The state's jobless numbers may be dropping, but an office created last July to root out unemployment compensation fraud says its work is not slowing down any time soon.
Jim Tillman is head of the Office of Integrity in the state Department of Labor and Industry. He said new tools to prevent online fraud are being added to an existing program to keep people from collecting unemployment benefits when they return to work.
"Just because the unemployment rate goes down doesn't mean that we're going to decrease our effort in combating UC fraud," said Tillman. "It is a significant problem nationwide and we remain committed to combating it."
One major new tool will allow the agency to check a database of newly-hired Pennsylvanians to see if any are still claiming unemployment.
"This would be for people who become employed and then fail to report to [the agency] that they got a job, and they continue to collect unemployment benefits — which is our biggest contributing factor to overpayments," said TIllman.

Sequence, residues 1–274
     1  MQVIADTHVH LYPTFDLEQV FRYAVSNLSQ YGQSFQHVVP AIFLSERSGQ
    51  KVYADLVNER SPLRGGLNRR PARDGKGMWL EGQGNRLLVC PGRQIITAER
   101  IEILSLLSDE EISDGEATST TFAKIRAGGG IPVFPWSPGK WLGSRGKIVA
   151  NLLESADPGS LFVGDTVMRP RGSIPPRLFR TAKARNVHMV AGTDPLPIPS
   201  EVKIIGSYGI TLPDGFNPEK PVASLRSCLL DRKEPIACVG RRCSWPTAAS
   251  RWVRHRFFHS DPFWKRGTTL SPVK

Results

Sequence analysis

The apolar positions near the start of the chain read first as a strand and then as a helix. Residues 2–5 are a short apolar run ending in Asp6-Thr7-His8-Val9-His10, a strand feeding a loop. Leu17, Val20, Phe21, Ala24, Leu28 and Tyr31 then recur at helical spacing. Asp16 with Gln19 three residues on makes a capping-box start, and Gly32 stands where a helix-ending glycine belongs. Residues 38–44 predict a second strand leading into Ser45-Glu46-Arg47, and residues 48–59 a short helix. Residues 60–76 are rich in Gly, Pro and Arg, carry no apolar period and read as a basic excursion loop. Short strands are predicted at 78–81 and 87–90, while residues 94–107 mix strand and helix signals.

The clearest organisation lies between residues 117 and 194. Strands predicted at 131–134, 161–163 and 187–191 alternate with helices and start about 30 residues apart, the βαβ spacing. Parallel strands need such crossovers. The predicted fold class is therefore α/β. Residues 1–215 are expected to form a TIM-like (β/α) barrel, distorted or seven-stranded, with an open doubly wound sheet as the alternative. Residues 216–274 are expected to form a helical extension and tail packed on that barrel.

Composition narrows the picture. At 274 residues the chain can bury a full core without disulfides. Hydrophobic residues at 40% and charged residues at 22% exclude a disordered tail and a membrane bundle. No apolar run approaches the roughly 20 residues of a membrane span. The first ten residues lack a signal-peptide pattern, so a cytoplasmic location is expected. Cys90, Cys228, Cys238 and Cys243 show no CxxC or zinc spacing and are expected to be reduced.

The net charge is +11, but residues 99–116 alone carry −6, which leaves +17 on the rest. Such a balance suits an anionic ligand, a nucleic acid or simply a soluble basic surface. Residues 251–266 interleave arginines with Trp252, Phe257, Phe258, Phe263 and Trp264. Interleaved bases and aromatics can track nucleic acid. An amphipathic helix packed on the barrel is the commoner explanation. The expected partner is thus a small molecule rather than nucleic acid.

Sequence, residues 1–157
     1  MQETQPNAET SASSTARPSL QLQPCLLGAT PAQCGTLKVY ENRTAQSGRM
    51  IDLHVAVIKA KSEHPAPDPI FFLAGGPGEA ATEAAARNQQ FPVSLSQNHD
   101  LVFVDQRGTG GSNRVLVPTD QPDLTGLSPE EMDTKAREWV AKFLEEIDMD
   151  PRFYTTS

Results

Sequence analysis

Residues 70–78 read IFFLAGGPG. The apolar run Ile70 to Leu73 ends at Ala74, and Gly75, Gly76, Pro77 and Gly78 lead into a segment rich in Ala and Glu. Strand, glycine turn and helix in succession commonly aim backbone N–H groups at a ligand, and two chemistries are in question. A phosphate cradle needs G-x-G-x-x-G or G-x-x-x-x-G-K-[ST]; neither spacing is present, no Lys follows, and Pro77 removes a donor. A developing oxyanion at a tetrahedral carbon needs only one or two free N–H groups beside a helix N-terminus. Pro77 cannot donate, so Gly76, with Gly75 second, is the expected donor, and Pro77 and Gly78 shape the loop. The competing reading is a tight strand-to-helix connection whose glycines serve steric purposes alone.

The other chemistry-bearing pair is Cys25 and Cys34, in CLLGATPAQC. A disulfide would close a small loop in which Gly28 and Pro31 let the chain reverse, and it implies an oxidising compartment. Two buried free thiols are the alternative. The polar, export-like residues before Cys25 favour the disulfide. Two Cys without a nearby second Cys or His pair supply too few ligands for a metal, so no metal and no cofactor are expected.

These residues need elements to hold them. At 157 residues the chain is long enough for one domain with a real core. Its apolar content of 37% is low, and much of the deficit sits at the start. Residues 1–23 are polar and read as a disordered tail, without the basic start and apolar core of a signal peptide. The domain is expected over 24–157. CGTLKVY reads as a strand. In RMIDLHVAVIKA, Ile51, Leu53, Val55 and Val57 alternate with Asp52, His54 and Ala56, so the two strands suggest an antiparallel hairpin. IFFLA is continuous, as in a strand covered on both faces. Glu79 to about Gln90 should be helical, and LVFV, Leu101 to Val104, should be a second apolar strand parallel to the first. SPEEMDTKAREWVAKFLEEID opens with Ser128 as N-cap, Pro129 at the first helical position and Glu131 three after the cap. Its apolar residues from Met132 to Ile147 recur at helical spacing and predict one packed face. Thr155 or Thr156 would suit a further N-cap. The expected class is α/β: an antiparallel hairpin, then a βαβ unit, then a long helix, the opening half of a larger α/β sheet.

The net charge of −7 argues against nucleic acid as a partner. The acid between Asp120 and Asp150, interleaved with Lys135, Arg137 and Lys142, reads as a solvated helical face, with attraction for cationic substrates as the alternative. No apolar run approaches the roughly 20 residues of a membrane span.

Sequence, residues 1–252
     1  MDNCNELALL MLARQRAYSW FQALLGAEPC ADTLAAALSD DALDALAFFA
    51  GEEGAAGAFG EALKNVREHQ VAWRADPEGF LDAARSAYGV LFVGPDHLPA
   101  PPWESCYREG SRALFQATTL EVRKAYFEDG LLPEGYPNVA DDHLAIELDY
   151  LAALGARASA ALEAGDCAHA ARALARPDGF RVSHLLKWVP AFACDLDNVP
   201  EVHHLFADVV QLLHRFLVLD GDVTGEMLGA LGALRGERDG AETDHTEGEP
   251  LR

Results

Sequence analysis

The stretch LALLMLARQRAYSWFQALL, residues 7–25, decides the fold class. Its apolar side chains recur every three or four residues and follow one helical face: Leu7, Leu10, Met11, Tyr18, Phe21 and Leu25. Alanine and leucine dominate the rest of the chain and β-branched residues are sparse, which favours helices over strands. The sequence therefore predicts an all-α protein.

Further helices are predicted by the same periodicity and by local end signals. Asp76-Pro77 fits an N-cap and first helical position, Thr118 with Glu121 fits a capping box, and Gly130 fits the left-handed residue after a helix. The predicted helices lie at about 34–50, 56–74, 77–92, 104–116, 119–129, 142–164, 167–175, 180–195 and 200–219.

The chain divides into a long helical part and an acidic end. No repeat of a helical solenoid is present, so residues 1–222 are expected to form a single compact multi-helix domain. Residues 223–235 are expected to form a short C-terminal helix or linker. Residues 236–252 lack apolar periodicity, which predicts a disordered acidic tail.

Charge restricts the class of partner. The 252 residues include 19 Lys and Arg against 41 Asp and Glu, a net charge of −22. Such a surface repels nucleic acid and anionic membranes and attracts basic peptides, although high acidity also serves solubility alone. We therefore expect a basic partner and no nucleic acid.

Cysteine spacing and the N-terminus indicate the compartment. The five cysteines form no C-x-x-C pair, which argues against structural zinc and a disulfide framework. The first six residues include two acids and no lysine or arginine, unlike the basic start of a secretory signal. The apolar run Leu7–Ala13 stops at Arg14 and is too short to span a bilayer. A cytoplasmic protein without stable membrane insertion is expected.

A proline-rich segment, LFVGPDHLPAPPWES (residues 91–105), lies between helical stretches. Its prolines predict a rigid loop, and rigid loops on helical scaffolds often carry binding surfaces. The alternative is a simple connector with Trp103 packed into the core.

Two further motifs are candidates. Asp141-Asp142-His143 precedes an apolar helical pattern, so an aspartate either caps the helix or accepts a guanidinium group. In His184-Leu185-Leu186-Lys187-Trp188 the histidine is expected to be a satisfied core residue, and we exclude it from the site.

The Department of Labor and Industry already checks state prison inmates for fraud, but Tillman said new computer software will allow the agency to look into county jail fraud as well.
The DLI also developed a tool to cut down on fraudulent unemployment benefits claims originating from other countries.
"In about a month's period, we established around a thousand hits from 115 different countries," said Tillman, "so we are currently blocking those claims which would potentially be a savings of several million dollars."
The commonwealth's unemployment rate has dropped too low for the federal government to allow extended unemployment compensation benefits to continue. The last of those will be paid this week.
Last year, Pennsylvania paid about $3 billion in unemployment compensation benefits, of which $31 million was identified as fraud. Pennsylvania's error rate is still below the national average.